> when you add the task to the queue (with queue:addtask (task)), a
> thread will pick it up, and execute xxx_work() with the same udata
> built by the xxx_prepare().  after xxx_work() returns, the thread
> pushes the task in the output queue.

> back in Lua, you can do a queue:wait(), it blocks until there's a
> task in the queue (put there by a thread).  then you call
> helper.finish(task) to execute xxx_finish().  xxx_finish() should
> dispose any memory used by the task (in udata), and return any
> value to the Lua caller.

> now, we could write non-blocking versions of most IO libraries,
> and build Lua wrappers that use this primitives to get a coroutine
> scheduler.

> i'll post it later in LuaForge; any thoughts about the
> architecture?

A few concrete examples would be of great help. I am particularly
interested in how one would go about creating a singleton timer
instance using this package and how the main dispatch loop would
look like in the "C" or "C++" world.

I have a C++ network layer that maintains its own send and receive
queues that is pumped by threads managed within this layer. It
dispatches remote messages received to various message handlers
which are now in C++; I would like to add the capability to add lua
based message handlers.

But I am having difficulty in conceptualizing the main loop that
pumps the network layer, the timer facility and the Lua engine. That
is my problem of course, but any code to illustrate how a main loop
with threads in the picture would probably help me in rearchitecting
my current project to use Lua.

On a frivolous note, I would probably name this package as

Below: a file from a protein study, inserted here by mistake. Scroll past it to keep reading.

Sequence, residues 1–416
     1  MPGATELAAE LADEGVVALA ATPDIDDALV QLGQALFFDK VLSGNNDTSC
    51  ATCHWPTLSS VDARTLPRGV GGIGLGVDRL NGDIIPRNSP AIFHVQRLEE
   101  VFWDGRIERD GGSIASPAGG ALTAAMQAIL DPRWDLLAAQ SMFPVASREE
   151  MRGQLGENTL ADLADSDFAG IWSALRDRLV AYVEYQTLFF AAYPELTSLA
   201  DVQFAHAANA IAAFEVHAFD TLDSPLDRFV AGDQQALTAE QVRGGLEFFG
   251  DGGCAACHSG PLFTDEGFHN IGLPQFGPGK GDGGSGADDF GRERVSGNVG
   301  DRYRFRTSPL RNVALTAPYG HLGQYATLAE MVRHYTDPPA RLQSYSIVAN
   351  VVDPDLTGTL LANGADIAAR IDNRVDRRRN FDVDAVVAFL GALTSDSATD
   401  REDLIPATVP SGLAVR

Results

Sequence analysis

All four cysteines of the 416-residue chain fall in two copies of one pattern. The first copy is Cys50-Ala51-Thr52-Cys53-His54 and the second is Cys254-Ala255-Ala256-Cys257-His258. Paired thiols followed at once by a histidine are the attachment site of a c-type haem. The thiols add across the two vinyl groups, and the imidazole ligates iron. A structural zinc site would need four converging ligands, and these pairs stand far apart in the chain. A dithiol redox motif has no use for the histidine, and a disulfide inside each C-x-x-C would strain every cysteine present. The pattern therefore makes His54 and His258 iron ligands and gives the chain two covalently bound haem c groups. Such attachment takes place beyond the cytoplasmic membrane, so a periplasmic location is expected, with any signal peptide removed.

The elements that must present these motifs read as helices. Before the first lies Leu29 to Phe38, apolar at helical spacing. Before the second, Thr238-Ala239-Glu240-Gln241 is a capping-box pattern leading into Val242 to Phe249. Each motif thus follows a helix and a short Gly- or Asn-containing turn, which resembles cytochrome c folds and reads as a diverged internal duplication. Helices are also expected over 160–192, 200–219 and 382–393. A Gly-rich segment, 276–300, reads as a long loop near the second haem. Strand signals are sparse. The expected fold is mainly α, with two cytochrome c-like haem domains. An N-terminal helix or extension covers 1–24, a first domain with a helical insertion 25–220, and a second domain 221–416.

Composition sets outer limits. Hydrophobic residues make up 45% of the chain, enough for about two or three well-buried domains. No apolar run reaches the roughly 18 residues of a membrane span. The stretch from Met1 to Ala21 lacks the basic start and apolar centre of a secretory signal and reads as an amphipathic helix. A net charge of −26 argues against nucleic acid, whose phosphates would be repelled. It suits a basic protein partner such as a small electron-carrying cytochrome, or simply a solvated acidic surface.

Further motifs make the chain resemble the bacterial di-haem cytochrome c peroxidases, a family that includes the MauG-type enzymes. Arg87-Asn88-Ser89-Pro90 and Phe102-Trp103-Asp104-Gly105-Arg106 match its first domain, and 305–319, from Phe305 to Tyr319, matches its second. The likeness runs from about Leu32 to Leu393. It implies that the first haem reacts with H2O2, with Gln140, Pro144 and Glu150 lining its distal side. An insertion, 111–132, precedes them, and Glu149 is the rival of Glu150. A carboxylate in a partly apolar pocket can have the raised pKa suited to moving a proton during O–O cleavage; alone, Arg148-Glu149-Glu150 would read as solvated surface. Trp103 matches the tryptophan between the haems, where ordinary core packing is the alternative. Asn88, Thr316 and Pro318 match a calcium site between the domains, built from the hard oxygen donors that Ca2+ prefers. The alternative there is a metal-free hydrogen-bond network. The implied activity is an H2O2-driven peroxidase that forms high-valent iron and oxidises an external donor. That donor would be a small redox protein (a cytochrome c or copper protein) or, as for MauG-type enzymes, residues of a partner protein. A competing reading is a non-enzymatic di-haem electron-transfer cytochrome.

'concurrency' instead of 'helper'.



--
Javier


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Re: helper threads layer

Javier Guerra Giraldez
On Thursday 09 March 2006 1:16 pm, Vijay Aswadhati wrote:
> This may be the beginning of something new and exciting!!

i hope so! either because it's accepted, or because somebody does something
much better after seeing this as a proof of concept.

> A few concrete examples would be of great help. I am particularly
> interested in how one would go about creating a singleton timer

this is precisely what i did as a testbed for the library.  here's the full C
code:

#include <sys/time.h>
#include <stdlib.h>
#include <string.h>
#include <dlfcn.h>

#include "lua.h"
#include "lauxlib.h"

#include "helper.h"

typedef struct timer_udata {
        struct timeval tv;
        int ret;
} timer_udata;

static int timer_prepare (lua_State *L, void **udata) {
        lua_Number t = luaL_checknumber (L, 1);
        timer_udata *td = (timer_udata *)malloc (sizeof (timer_udata));
        if (!td)
                luaL_error (L, "can't alloc udata");
       
        td->tv.tv_sec = (int) t;